Strolling down a street in the city of Da Nang, Vietnam last month, I came upon a sidewalk shop selling shiny wood caskets. When I stopped to take some pictures, the elderly owner came out, smiling, and asked where I was from.
“America,” I told him, and he broke into a wide grin. Was I here during the war? he asked. I was, I said, in the Army. Then he raised his arms like he was firing a rifle. “I fought for Ho Chi Minh!” he exclaimed. I chuckled, struggling for an appropriate response. “Well,” I finally said, “I fought to stay alive.”
Nearly 50 years after the war’s end, Americans, including Vietnam veterans, are still struggling to explain how we got involved in that disastrous, and ultimately futile, war. And that goes for Ken Burns and Lynn Novick, directors of The Vietnam War, a much-heralded 10-part, 18-hour epic series that debutted Sunday night on PBS.
Burns says he began thinking about revisiting the Vietnam War decades ago, but decided the national psyche wasn’t ready for it. A previous major PBS series on the conflict in 1983, based on a book by a veteran Vietnam correspondent suggesting that the war was less than honorable, provoked a loud right-wing backlash. So he decided to wait.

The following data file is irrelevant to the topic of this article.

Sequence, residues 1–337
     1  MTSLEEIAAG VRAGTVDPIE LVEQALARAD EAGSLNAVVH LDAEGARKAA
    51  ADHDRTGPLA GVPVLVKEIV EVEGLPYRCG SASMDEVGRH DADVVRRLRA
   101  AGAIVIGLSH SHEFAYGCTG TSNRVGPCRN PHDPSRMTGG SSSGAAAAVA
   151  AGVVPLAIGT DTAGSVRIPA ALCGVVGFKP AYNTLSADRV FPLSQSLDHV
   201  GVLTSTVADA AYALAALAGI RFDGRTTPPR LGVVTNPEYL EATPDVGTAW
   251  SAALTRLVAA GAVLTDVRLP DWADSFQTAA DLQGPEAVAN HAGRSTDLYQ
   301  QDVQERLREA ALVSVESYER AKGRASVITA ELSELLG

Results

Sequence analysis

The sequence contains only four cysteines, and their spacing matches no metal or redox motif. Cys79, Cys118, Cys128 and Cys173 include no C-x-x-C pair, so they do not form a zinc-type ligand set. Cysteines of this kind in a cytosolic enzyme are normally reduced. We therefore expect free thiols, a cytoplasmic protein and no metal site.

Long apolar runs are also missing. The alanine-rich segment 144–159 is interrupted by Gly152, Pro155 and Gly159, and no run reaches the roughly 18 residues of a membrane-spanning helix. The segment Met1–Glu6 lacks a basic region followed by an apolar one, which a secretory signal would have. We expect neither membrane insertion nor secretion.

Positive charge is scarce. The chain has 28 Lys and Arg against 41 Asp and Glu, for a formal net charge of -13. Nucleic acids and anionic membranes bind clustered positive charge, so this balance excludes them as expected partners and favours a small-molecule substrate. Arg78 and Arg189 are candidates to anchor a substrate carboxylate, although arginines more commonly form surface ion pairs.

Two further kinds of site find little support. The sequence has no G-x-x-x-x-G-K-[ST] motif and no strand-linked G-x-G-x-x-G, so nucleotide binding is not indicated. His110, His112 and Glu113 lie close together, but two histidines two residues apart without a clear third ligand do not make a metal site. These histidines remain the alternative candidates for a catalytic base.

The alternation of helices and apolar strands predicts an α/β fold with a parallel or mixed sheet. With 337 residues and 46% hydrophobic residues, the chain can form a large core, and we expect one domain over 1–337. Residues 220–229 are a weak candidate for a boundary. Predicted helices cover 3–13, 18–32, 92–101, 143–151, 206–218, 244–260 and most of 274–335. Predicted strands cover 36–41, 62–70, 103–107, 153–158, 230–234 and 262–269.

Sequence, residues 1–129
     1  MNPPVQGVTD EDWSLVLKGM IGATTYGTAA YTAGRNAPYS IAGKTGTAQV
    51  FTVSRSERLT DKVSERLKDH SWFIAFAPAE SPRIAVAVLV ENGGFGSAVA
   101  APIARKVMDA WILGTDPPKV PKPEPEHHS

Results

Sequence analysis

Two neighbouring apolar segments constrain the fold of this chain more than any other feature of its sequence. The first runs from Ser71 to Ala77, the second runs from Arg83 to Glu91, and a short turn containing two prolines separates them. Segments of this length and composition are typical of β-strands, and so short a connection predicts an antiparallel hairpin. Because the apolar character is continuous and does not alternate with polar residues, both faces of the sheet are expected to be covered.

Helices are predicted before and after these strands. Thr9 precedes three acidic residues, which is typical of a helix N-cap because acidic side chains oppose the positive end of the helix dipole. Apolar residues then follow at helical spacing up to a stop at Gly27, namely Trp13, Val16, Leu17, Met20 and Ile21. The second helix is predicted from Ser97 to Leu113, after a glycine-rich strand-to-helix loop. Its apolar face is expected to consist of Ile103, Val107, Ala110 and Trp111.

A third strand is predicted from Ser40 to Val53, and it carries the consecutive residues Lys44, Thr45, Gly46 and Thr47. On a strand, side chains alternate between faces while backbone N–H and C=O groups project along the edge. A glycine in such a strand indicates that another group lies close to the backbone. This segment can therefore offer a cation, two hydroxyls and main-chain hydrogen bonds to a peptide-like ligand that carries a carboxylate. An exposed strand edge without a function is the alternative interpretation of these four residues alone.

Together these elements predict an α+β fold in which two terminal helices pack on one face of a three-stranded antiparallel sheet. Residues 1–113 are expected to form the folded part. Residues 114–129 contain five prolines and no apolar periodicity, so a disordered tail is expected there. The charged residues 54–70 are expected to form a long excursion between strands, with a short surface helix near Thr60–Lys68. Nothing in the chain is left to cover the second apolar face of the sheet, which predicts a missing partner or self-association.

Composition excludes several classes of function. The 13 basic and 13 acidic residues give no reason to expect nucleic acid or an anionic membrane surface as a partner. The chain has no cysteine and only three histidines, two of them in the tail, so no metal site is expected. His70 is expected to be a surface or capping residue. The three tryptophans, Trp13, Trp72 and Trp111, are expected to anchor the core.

Now, Burns says, it’s time to talk—and get over it. “With knowledge comes healing,” he told Vanity Fair. “The seeds of disunion we experience today, the polarization, the lack of civil discourse all had their seeds in Vietnam,” Burns told The New York Times. “I can’t imagine a better way to help pull out some of the fuel rods that create this radioactive atmosphere than to talk about Vietnam in a calm way.”
Good luck with that, as we said in ‘Nam. While the TV critics have been agog with praise and wonder over the series’s cinematic mastery, depth of research (some 80 interviews of participants on all sides) historical sweep and emotional punch, some veterans and longtime students of the war are already taking critical aim at the series’s fuzzy treatment of the war’s central question: Why did we get involved in the first place? Who thought that was a good idea?
Burns strives to give everyone’s strongly held, divergent views equal weight, but before long, he’s waist deep in a historical big muddy, wandering among competing theories that obscure the root cause of a war that killed an estimated minimum of 429,000 U.S. and allied soldiers and 533,000 communist troops and civilians between 1954 and 1975. Many estimates soar far above those. Millions more were wounded.